Re: HOA Dues Structures
From: Noel Rosenberg (
Date: Tue, 1 Sep 2020 09:42:50 -0700 (PDT)
On Tue, 1 Sep 2020, Mac Thomson via Cohousing-L wrote:

| Our community (Heartwood Cohousing in rural SW Colorado), has an unusual HOA 
dues structure. We collect 50% of our dues on a per household basis and 50% on 
a per person basis. The purpose is to try to reflect that some costs are more 
fixed in nature (e.g., replacing the common house roof) and some are more 
variable in nature, meaning that costs go up as usage goes up (e.g., shampooing 
the common house carpets).
| After 20 years, we are reconsidering our dues structure and would like to 
know what other dues structures are used by other communities.
| Some of the structures that I think are currently used are:
| Flat Rate: Each household pays the same monthly dues.
| Square Footage: Each household pays in proportion to their home?s square 
footage. My understanding is that this structure is more appropriate for condos 
where the condo association is responsible for the maintenance of private 
homes. Since all of our homes are privately maintained, this structure doesn?t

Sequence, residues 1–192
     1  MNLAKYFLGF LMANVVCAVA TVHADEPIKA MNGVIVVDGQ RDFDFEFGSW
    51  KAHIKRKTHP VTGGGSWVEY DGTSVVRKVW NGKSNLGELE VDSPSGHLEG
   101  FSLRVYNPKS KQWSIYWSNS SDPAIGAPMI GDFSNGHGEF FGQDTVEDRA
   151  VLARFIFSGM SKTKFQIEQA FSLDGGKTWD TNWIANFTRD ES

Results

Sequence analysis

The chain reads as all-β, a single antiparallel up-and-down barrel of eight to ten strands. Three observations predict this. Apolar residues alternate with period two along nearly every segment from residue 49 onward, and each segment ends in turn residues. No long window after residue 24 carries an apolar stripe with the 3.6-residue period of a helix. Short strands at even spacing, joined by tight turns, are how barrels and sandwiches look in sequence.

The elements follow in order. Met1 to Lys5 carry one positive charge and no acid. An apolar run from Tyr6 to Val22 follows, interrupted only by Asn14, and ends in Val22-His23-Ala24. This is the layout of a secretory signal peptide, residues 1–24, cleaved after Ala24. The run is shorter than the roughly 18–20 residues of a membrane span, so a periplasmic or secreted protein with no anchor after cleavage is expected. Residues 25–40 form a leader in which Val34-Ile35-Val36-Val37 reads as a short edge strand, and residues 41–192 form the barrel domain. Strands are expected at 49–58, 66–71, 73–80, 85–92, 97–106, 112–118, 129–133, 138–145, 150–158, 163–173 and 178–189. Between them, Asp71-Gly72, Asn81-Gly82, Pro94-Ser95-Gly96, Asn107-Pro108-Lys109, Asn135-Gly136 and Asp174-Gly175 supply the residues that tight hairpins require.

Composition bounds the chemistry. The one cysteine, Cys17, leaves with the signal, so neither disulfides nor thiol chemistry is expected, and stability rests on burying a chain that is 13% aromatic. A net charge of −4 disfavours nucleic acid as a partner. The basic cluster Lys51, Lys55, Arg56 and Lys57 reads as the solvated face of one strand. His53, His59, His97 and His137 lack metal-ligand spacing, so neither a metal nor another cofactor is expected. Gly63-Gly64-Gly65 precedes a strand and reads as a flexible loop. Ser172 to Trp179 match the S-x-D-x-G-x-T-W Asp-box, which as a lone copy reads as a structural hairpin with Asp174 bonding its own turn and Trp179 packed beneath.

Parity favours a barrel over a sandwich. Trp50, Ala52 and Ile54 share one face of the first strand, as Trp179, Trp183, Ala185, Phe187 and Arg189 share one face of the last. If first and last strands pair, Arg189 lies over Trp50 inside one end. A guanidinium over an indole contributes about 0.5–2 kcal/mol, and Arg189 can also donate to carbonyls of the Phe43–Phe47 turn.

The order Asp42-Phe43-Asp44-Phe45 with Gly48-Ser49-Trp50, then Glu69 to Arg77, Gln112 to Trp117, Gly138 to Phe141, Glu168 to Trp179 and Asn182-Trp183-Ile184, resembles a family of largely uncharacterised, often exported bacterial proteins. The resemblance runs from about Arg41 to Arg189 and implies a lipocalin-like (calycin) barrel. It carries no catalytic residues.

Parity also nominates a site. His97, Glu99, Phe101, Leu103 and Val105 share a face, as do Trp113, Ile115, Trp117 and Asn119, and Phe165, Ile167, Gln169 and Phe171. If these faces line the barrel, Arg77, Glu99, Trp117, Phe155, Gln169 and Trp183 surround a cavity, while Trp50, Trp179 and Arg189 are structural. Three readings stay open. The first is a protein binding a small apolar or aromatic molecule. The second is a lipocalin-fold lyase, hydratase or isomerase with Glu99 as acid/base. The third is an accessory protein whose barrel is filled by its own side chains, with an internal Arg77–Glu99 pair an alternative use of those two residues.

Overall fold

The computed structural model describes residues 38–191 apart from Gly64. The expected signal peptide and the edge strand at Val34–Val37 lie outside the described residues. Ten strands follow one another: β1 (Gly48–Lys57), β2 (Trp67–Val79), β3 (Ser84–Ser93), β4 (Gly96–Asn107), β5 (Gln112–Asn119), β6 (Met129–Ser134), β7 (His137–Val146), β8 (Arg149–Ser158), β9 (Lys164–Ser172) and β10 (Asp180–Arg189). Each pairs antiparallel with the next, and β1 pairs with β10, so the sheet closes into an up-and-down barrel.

seem applicable to us.
| Household Income: Each household pays in proportion to their household 
income. We?ve discussed this option and dismissed it.
| Are there any other dues structures used by any communities?

Here in MA, since we are legally a condominium trust, we are required by 
law to collect HOA fees by "beneficial interest" (which is more than just 
square footage, but takes into account other factors).  Since Mosaic 
Commons is *also* a cohousing community, we decided early on to have 
seperate cohousing dues that are on a sliding scale.  These dues cover the 
things that make us a community rather than just an HOA, such as operating 
the common house, and support our value of affordability.  Each year, we 
calclate the per-household average needed to fund the cohousing budget, 
and collect pledges from households (and a few non-resident affiliates) 
toward this budget.  Each household must pledge at least 5% of the average 
household amount, and there is no limit.

Ex: The average per household amount last year was $97/mo, and the minimum 
pledge was $4.85/mo.  Despite the low minimum, we have only once in 11 
years had an issue making our budget due to people pledging more than the 

This system has its quirks, but it works for us.

---Noel Rosenberg
---noel [at]

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